Abiotic processes involving the reactive ammonia-oxidation intermediates nitric oxide (NO) or hydroxylamine (NHOH) for NO production have been indicated recently. The latter process would require the availability of substantial amounts of free NHOH for chemical reactions during ammonia (NH) oxidation, but little is known about extracellular NHOH formation by the different clades of ammonia-oxidizing microbes. Here we determined extracellular NHOH concentrations in culture media of several ammonia-oxidizing bacteria (AOB) and archaea (AOA), as well as one complete ammonia oxidizer (comammox) enrichment (Ca. Nitrospira inopinata) during incubation under standard cultivation conditions. NHOH was measurable in the incubation media of Nitrosomonas europaea, Nitrosospira multiformis, Nitrososphaera gargensis, and Ca. Nitrosotenuis uzonensis, but not in media of the other tested AOB and AOA. NHOH was also formed by the comammox enrichment during NH oxidation. This enrichment exhibited the largest NHOH:final product ratio (1.92%), followed by N. multiformis (0.56%) and N. gargensis (0.46%). The maximum proportions of NH converted to NO via extracellular NHOH during incubation, estimated on the basis of NHOH abiotic conversion rates, were 0.12%, 0.08%, and 0.14% for AOB, AOA, and Ca. Nitrospira inopinata, respectively, and were consistent with published NH:NO conversion ratios for AOB and AOA.
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http://dx.doi.org/10.1021/acs.est.7b02360DOI Listing
November 2017

Ammonia oxidisers in a non-nitrifying Brazilian savanna soil.

FEMS Microbiol Ecol 2017 11;93(11)

Institute of Biological and Environmental Sciences, University of Aberdeen, Cruickshank Building, St. Machar Drive, Aberdeen AB24 3UU, UK.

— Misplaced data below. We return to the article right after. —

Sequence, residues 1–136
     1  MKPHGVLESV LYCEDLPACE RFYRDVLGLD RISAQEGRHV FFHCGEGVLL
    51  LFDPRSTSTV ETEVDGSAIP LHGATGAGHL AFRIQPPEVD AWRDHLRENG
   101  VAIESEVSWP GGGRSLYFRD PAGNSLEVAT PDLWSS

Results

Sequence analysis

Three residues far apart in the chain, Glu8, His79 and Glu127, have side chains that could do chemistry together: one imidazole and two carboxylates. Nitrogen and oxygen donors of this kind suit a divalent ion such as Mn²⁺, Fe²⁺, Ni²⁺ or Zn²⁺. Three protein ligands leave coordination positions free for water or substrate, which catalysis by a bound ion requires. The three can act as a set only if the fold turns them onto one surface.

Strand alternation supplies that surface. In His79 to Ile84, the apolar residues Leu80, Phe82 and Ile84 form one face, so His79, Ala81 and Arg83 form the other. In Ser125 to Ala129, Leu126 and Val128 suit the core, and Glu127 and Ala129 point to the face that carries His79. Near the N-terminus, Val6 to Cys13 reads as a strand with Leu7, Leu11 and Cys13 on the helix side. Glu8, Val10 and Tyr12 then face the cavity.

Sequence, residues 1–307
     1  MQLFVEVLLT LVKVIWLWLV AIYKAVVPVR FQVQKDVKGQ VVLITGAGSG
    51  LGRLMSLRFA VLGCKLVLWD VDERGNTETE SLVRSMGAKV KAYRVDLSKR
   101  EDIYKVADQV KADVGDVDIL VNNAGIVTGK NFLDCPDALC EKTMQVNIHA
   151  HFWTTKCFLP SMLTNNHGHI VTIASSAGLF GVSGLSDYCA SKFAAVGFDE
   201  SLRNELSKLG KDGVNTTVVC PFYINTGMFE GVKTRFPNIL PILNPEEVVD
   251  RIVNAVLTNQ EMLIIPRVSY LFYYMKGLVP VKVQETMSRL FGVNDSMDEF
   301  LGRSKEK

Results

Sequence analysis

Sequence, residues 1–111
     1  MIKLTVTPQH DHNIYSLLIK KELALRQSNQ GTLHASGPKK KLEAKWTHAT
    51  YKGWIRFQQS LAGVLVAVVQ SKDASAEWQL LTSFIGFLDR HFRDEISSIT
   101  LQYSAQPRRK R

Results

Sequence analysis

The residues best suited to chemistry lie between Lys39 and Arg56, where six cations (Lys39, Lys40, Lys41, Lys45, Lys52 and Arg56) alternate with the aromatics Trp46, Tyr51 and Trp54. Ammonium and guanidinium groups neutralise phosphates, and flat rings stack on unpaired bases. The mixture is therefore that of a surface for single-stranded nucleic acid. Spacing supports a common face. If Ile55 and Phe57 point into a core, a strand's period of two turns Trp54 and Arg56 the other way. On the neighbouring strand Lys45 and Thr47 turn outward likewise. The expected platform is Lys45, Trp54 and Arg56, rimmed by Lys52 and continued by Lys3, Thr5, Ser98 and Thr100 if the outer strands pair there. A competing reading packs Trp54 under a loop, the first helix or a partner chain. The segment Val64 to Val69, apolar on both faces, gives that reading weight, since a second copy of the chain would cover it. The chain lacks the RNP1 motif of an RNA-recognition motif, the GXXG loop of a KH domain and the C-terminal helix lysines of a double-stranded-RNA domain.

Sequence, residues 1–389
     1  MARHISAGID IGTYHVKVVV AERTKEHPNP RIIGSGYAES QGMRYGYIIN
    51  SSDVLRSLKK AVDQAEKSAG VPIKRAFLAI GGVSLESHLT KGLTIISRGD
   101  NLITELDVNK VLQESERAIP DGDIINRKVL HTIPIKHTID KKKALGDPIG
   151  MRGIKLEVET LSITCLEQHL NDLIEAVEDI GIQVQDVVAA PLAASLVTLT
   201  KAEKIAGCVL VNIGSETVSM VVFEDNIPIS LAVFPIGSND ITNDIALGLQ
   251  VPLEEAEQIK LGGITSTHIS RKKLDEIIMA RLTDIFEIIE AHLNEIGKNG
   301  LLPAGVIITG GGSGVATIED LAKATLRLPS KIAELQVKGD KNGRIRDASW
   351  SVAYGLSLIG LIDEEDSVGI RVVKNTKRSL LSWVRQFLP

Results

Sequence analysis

Low nitrification rates in Brazilian savanna (Cerrado) soils have puzzled researchers for decades. Potential mechanisms include biological inhibitors, low pH, low microbial abundance and low soil moisture content, which hinders microbial activity, including ammonia oxidation. Two approaches were used to evaluate these potential mechanisms: (i) manipulation of soil moisture and pH in microcosms containing Cerrado soil and (ii) assessment of nitrification inhibition in slurries containing mixtures of Cerrado soil and an actively nitrifying agricultural soil. Despite high ammonium concentration in Cerrado soil microcosms, little NO3- accumulation was observed with increasing moisture or pH, but in some Cerrado soil slurries, ammonia-oxidising archaea (AOA) amoA transcripts were detected after 14 days. In mixed soil slurries, the final NO3- concentration reflected the initial proportions of agricultural and Cerrado soils in the mixture, providing no evidence of nitrification inhibitors in Cerrado soil. AOA community denaturing gradient gel electrophoresis profiles were similar in the mixed and nitrifying soils. These results suggest that nitrification in Cerrado soils is not constrained by water availability, ammonium availability, low pH or biological inhibitors, and alternative potential explanations for low nitrification levels are discussed.